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Mature Faith Accepts God’s Word Mature Faith Accepts God’s Word

Mature Faith Accepts God’s Word


In Redeeming How We Talk, Ken Wytsma and A. J. Swoboda write: “Next to prayer, listening is perhaps the best way to create a positive context for conversation. Listening forces us to exchange hats with others, to walk in their shoes. When we exchange hats, we develop empathy and understanding. Then we can more tenderly voice our concerns or offer our advice.”

No wonder James exhorted us to be “quick to listen” (v. 19)! This admonition draws on the tradition of wisdom literature (see, for example, Prov. 10:19). In this context, several questions are also implied by today’s reading: What is appropriate behavior for those of us who have received God’s good and perfect gift of salvation? Exactly how can we endure trials and troubles in order to grow to mature faith?

To be “quick to listen, slow to speak, and slow to become angry” is the beginning of James’ answer, which extends over most of the rest of the book. To listen more than to speak demonstrates self-control, as opposed to hasty words and actions that characterize ungodly anger. That behavior does not “produce the righteousness that God desires” (v. 20). Listening and self-control are part of godly perseverance and lead toward the righteousness and spiritual maturity that God desires.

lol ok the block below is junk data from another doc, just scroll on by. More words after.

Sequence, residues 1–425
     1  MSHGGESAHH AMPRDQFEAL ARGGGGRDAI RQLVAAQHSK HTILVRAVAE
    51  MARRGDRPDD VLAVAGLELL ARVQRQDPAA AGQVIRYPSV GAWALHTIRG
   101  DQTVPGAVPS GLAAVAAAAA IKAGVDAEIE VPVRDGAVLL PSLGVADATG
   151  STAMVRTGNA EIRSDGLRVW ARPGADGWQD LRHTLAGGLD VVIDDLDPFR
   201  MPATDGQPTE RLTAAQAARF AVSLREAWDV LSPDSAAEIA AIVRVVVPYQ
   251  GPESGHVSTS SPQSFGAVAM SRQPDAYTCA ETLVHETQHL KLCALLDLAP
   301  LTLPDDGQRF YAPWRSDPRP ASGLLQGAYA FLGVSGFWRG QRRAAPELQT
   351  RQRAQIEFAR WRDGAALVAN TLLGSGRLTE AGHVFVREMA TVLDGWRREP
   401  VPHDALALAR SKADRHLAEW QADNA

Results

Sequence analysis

The principle here is to “get rid of all moral filth”—including rash words and unrighteous anger—and instead to “humbly accept the word planted in you” (v. 21). Doing so will be countercultural, for evil is “prevalent” in the world. This will require humility or meekness. The verb “accept” enlists our wills and actions while keeping God’s will and actions primary. He, not us, did the planting and He, not us, is the One who accomplishes our salvation.

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BY Brad Baurain

Dr. Bradley Baurain is Professor and Program Head of TESOL (Teaching English to Speakers of Other Languages) at Moody Bible Institute. Bradley has the unique privilege of holding a degree from four different universities (including Moody). He is the author of On Waiting Well. Bradley taught in China, Vietnam, the United States, and Canada. Bradley and his wife, Julia, have four children and reside in Northwest Indiana.

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